Effects of Sleep Loss on Endothelial Function and Cytokine Levels in Internal Medicine Residents
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|ClinicalTrials.gov Identifier: NCT00272233|
Recruitment Status : Completed
First Posted : January 4, 2006
Last Update Posted : March 20, 2007
|Condition or disease||Phase|
|Sleep Deprivation||Phase 1|
Context: Sleep loss is associated with increased blood levels of interleukin-6 (IL-6) and C-reactive protein (CRP). Medical residents are often deprived of normal sleep during extended work shifts, but the effects of work-related sleep loss on biomarkers of vascular inflammation and function are unknown.
Objective: We sought to test the hypothesis that sleep loss during extended work shifts during medical training is associated with increased circulating levels of pro-inflammatory biomarkers and evidence of vascular dysfunction.
Design: Outcome measures were assessed after extended 30-hour work shifts and non-extended 6-hour work shifts in a single-blind, randomized crossover design.
Setting: University hospital medical intensive care unit
Patients or Other Participants: Twenty-two healthy medical residents were studied during a medical intensive care unit rotation.
Main Outcome Measure(s): Sleep related cytokines (interleukin-6 and tumor necrosis factor), serum markers of vascular inflammation (C-reactive protein), and flow-mediated dilation in the brachial artery.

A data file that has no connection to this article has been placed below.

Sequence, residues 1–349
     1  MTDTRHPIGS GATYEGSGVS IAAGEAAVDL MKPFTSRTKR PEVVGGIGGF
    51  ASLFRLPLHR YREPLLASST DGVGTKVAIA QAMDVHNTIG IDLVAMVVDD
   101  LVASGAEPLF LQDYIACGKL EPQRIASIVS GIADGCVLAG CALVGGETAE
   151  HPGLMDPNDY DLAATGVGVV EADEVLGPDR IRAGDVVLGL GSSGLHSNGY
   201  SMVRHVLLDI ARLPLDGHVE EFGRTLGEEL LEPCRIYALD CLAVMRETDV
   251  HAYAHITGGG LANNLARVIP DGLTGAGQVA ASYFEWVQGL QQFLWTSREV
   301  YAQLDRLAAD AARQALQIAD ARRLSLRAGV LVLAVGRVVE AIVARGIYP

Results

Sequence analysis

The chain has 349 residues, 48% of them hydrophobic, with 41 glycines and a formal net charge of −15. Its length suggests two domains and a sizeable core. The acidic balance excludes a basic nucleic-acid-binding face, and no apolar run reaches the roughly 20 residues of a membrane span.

|Study Type :||Observational|
|Estimated Enrollment :||22 participants|
|Observational Model:||Defined Population|
|Observational Model:||Natural History|
|Official Title:||Effects of Sleep Loss on Endothelial Function and Cytokine Levels in Internal Medicine Residents|
|Study Start Date :||December 2004|
|Estimated Study Completion Date :||June 2005|
To learn more about this study, you or your doctor may contact the study research staff using the contact information provided by the sponsor.
Please refer to this study by its ClinicalTrials.gov identifier (NCT number): NCT00272233
|United States, Connecticut|
|Yale University School of Medicine|
|New Haven, Connecticut, United States, 06510|
|Principal Investigator:||Stuart D Katz, MD||Yale University|